Over the last two seasons the Steelers are 15-4 with Polamalu playing, but 6-7 without him on the field.

    He has tremendous instincts, which allow him to make plays that seem impossible to everybody else.

    The 30-year-old Polamalu is the poster child of the NFL’s best defense and the one player that Pittsburgh needs more than anybody else to win its seventh Super Bowl in franchise history.

6. Matt Ryan, QB, Atlanta Falcons

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    Matt Ryan proved last season that he has arrived as one of the NFL’s elite quarterbacks. He led his Atlanta Falcons to a 13-3 season and an NFC South division title.

    He threw 28 touchdowns and only nine interceptions in 2010. Atlanta’s triple threat offensive with RB Michael Turner and WR Roddy White presents a challenge for any NFL defense.

    Losing to the eventual Super Bowl champions in the NFC divisional playoff round showed that Ryan, who’s going into his fourth NFL season, has to step up his game in those situations, but the future of the Falcons looks bright as long as Ryan stays healthy.

7. Philip Rivers, QB, San Diego Chargers

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    What happened last season in Southern California? Philip Rivers had the best season of his career so far, but the team ended up with a 9-7 record missing the playoffs.

    Rivers led the league in total yards with 4,710, yards per attempt with 8.7 and yards per game with 294.4. In addition he threw 30 touchdowns and held his interceptions to 13.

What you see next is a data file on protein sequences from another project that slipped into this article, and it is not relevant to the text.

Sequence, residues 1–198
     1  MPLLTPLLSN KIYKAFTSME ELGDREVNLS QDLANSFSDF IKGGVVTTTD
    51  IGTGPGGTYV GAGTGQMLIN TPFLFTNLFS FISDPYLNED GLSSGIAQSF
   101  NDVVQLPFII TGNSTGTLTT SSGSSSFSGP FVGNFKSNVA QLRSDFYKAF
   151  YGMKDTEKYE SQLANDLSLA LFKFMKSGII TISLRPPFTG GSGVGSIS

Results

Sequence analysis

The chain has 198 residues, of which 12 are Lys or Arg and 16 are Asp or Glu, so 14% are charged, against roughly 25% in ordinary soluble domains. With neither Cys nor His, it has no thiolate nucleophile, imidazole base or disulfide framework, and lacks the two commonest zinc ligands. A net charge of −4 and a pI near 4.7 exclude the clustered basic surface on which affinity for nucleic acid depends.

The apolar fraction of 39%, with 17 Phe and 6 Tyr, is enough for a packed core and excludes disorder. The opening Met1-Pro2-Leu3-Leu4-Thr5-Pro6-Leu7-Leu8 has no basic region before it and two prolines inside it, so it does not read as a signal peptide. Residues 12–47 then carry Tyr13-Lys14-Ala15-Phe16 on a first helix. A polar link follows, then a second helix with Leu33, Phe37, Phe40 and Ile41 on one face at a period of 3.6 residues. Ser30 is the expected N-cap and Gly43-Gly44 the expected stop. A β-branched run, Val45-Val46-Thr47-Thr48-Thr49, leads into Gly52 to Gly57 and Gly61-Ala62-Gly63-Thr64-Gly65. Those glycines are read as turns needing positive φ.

And now imagine the San Diego Chargers without a quarterback who puts up those numbers. Bye, bye San Diego and here we go L.A.!

8. Adrian Peterson, RB, Minnesota Vikings

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    2010 was a year of ups and downs for the Minnesota Vikings. They started the season as one of the Super Bowl favorites and ended up missing the playoffs by putting up a 6-10 record.

    One of the few bright spots was the continuous improvement of Adrian Peterson, one of the top, if not the best, running backs in the league. He finished the season with 12 touchdowns and only one fumble.

    Peterson has rushed for more than 1,200 yards in each of his first four NFL seasons and was able to work on his ball protection, which fueled doubters about his elite status.

    Without Peterson, the Vikings offense will be as exciting to watch as one of Brett Favre’s jeans commercials.

9. Ray Lewis, LB, Baltimore Ravens

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    I don’t think I have to say much about Ray Lewis. He is the leader of a defense, which has been among the best for over a decade now.

    Yes, he’s getting older and yes, he’s getting slower, but just Ray Lewis’ presence makes everybody around play just a little bit harder.

    Baltimore would lose its fear factor if Ray Lewis were not be playing. 

10. Tony Romo, QB, Dallas Cowboys

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    The thing with Tony Romo is that you are not really sure what you get. Statistically, he is one of the best quarterbacks in the NFL, but his postseason record of 1-3 is worrisome.

    The 31-year-old quarterback has made more headlines with dating actresses, singers and models instead of leading America’s Team back to glory.

    Despite all those doubts that come along with Romo, he seems to have the talent to make things happen.  

    His career QB rating of 95.1 should be proof enough that he just has to get rid of the monkey on his back they call postseason.

    The Cowboys, without Romo behind the center, would most likely experience a déjà-vu of the 2010 season.